Summary and Analysis of the plot William Whycherly's The County Wife is a hilarious comedy about men and women in love and marriage. In the midst of a continual banter of sexual innuendo there lies, cynical commentary and misogonistic attitude's upon women, love and what is socially accepted.
"ÃÂMistresses are like books. If you pore upon them too much, they doze you and make you unfit for company, but only for a night and away, to taste the town better when a man returns' This quote from Horner represents the general negative attitude of men in this play towards women, by comparing them to inaminate objects.
"ÃÂ Marrying to increase love is like gaming to become rich; alas, you only lose what little stock you had before' This is only one example of the love vs. lust debate common in many restoration plays.
Many men never married but went after other men's wives's, this wasn't always possible due to jelous, dominating husbands like Mr Pinchwife .
Horner therefore, devises a plan, he is crafty enough to know not to share it with his friends, as bragging about this trick (to make other men comfortable leaving their wives within his prescence as he is not a man ) would only cause a breakdown of his plan.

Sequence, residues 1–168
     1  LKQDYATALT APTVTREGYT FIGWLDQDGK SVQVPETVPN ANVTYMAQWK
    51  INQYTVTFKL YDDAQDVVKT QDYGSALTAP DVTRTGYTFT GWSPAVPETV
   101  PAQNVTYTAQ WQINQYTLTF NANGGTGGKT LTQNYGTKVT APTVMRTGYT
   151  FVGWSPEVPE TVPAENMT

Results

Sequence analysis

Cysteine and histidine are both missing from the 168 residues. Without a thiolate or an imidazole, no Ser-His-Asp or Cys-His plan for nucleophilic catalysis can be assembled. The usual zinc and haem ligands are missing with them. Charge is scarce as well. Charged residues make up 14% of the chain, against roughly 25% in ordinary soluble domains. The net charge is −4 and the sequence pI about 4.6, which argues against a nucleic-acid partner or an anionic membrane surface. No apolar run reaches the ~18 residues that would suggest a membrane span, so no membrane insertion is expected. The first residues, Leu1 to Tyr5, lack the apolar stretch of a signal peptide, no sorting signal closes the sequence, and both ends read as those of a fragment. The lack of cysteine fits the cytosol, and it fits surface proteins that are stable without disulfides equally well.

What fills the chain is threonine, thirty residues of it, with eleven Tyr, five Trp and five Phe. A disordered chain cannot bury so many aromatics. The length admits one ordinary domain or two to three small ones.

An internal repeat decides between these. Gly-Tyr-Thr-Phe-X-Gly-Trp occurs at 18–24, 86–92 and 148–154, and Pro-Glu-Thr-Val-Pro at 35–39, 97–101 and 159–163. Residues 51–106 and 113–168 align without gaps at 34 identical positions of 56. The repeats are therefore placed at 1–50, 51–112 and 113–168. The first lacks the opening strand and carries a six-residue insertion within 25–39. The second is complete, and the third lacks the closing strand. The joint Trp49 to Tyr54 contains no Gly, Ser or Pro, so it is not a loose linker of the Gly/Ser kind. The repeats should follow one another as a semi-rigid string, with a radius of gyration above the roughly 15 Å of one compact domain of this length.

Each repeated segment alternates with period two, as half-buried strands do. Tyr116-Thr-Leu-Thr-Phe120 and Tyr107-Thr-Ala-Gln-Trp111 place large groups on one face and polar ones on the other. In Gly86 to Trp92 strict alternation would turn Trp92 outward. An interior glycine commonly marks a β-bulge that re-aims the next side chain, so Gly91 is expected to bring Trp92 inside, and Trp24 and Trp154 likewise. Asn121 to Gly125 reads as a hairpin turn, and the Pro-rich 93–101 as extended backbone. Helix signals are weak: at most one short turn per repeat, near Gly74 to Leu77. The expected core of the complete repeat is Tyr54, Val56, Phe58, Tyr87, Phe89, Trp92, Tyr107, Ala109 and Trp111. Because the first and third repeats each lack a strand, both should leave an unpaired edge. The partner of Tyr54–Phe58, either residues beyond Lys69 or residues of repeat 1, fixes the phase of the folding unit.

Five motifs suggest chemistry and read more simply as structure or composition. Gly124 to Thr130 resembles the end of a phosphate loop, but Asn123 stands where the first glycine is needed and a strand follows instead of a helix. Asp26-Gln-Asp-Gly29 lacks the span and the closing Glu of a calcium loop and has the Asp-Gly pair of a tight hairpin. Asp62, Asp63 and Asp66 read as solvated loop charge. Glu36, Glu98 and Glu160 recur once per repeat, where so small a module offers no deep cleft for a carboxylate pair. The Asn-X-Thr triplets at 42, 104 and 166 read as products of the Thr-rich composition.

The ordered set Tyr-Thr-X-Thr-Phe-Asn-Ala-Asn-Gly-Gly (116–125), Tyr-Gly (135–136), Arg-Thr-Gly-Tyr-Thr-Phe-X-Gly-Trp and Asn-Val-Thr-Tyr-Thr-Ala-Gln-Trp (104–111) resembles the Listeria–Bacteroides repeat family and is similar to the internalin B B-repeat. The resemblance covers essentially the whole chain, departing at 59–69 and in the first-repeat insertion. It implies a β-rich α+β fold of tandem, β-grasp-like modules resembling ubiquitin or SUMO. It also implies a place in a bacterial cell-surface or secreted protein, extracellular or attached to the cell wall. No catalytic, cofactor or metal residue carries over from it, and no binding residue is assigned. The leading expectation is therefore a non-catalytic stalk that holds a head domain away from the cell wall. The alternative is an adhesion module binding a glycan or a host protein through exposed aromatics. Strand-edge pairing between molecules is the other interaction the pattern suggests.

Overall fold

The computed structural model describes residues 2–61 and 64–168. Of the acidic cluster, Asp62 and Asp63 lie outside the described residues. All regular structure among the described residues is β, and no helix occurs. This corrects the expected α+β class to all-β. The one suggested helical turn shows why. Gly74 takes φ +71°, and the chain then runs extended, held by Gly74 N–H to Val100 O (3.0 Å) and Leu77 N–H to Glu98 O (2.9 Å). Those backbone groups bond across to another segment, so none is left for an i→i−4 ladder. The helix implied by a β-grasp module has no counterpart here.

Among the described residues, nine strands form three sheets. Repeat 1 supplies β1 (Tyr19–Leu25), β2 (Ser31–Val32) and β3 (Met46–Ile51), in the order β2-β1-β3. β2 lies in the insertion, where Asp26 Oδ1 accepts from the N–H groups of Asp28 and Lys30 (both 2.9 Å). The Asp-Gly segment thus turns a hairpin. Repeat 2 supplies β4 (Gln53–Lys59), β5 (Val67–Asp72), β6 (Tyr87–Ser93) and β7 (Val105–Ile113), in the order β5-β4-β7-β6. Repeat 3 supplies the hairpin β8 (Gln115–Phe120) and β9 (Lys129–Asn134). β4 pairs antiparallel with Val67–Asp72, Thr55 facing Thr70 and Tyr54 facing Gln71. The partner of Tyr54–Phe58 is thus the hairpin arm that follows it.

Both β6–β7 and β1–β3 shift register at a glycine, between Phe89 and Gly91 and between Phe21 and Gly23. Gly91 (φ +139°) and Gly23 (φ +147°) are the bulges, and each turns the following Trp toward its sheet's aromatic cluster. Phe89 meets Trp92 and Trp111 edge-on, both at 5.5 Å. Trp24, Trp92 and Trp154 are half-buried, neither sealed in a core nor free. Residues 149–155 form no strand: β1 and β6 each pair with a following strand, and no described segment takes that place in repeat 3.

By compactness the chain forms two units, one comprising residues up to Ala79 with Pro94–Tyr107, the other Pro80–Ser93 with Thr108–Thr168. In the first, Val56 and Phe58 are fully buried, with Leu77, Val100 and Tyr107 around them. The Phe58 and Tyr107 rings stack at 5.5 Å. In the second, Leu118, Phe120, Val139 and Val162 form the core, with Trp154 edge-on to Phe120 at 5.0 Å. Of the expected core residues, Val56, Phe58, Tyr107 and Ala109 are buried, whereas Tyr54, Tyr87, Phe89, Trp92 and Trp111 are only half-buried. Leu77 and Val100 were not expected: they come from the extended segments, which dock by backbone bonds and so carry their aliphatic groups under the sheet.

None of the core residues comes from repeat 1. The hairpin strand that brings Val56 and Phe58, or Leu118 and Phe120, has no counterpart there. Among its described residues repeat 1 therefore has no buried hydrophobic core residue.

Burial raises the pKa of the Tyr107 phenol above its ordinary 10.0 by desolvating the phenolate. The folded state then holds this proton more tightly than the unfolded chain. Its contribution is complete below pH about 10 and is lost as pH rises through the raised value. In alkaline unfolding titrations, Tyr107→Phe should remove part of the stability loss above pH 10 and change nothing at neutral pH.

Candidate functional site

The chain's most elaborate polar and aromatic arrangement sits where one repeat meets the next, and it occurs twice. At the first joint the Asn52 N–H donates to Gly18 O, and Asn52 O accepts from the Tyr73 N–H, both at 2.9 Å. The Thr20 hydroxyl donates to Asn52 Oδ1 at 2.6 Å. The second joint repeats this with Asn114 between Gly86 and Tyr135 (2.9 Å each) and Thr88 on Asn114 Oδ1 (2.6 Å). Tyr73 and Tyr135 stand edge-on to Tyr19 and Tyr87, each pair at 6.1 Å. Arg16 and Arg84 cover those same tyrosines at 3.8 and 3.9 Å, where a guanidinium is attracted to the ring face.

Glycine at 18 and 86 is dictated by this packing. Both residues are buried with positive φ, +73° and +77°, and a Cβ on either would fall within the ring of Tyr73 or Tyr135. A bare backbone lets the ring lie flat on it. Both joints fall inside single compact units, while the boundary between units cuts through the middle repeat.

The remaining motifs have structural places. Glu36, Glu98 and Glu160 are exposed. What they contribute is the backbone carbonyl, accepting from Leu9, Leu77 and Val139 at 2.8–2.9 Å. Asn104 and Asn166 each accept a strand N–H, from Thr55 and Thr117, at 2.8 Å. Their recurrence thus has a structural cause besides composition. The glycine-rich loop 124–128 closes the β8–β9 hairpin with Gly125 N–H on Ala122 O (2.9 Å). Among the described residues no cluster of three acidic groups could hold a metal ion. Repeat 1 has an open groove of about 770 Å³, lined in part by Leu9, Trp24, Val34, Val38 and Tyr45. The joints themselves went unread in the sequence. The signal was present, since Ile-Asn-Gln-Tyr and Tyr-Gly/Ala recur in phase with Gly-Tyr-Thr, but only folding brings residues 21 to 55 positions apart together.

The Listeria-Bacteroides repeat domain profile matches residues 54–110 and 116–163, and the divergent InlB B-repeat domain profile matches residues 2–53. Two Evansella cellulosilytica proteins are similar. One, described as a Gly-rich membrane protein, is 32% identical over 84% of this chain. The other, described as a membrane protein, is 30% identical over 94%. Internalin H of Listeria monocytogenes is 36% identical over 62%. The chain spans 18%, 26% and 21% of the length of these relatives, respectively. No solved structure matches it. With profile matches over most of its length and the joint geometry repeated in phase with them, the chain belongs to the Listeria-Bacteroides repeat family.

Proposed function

Horner's famous line: "ÃÂWine gives you liberty, love takes it away,' He is saying that men lose their freedom by being attached to women. Ironically, Horner has lost his own "ÃÂfreedom' of being a whole man, for in trying to get close to women, he has soiled his reputation. Many of Horner's remarks about women are derogatory that women "ÃÂ are like soldiers, made constant and loyal by good pay rather than oaths and convenants.' There is a little of irony intwined within the play,